FIGURE 7. Working model of HS mediated HSPC migration and engraftment defect in MPSI. A, in normal WT mice CXCL12 is produced by the bone marrow and presented in a haptotactic gradient by HS. An equilibrium exists between HS bound and unbound CXCL12. HSPCs are mainly retained in the bone marrow by the CXCL12 gradient and some HS is required for CXCL12 dimerization and binding to CXCR4 receptors on HSPCs. Migration to bone marrow is reliant on increased CXLC12 production by bone marrow cells. B, bone marrow cells in Idua~'~ mice contain an excess of intra-and particularly extracellular HS that is highly sulfated and also elevated in the peripheral blood. Despite increased CXCL12 levels in the Idua~'~ bone marrow niche, increased binding ofCXCL12 by HSand thus sequestration leads to increased retention of HSPCs within the bone marrow and reduced migration after myeloablation. Full intensity myeloablation may not increase cell numbers migrating over reduced intensity conditioning, but further damages the recipient niche giving donor cells a selective advantage within the niche despite the poor migratory environment present in MPSI.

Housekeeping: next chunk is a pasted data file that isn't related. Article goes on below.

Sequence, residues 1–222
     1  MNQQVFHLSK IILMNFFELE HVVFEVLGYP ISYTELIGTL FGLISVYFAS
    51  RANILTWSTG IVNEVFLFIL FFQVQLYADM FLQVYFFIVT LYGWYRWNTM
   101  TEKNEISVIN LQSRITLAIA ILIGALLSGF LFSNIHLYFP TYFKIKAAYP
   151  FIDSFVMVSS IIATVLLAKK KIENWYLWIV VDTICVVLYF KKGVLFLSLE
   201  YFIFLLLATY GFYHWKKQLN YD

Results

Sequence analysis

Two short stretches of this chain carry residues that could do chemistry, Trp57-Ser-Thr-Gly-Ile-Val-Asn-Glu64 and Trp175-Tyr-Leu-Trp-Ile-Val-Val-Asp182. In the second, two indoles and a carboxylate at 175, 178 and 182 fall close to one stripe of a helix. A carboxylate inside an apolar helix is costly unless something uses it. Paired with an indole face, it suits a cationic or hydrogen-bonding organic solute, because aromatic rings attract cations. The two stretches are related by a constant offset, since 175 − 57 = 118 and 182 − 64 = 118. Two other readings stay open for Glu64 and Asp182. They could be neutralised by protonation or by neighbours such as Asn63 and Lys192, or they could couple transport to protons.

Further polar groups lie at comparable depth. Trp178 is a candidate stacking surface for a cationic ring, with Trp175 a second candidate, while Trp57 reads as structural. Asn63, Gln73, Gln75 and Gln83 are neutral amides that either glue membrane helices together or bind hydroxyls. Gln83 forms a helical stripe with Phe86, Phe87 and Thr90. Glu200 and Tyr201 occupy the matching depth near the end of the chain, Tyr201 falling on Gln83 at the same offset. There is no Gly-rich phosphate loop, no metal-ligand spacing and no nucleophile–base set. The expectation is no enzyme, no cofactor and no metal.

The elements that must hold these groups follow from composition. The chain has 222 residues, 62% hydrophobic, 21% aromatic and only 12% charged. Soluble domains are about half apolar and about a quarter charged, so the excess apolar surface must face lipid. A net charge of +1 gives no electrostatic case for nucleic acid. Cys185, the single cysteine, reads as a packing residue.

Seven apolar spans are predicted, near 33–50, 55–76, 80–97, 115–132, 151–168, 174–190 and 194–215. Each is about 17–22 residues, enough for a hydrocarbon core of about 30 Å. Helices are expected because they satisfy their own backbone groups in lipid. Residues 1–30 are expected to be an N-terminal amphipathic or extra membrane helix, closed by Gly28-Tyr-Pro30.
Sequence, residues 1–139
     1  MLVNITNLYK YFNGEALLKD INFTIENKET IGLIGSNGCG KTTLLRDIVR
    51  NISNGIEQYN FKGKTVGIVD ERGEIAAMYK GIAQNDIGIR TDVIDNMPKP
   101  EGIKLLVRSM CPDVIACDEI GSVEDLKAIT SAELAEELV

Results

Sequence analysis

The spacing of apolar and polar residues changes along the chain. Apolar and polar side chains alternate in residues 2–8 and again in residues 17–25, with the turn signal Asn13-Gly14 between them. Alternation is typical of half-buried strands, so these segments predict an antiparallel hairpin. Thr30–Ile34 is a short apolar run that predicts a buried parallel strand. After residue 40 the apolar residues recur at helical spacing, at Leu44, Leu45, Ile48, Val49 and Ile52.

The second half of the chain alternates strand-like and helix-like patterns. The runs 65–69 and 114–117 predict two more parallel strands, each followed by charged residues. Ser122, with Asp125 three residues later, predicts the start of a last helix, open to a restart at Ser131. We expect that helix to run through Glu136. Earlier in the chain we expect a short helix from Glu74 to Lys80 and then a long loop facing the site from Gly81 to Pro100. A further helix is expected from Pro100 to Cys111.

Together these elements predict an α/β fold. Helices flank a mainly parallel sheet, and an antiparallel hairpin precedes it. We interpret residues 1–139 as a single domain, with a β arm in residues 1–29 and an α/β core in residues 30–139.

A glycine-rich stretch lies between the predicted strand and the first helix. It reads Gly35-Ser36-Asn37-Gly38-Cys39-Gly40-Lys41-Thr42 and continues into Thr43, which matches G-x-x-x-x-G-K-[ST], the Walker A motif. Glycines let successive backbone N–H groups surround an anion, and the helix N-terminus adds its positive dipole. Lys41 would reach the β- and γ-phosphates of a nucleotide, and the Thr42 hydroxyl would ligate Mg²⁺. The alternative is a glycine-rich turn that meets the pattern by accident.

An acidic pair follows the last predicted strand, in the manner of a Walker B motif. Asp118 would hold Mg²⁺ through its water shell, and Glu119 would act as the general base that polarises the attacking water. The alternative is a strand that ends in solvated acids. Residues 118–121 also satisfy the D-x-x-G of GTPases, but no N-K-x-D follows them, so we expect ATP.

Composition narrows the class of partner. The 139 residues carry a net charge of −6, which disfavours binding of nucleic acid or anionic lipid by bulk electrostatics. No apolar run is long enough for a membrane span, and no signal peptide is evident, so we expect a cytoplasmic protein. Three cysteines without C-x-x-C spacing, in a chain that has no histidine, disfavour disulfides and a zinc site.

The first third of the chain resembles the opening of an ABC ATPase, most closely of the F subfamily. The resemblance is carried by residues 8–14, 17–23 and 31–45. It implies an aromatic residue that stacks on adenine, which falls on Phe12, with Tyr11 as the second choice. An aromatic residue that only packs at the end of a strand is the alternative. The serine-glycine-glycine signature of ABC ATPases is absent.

of HS in and out of cells. This results in accumulation in the ECM and consequential sequestration of cytokines and chemo-kines including CXCL12, thus altering critical signaling pathways.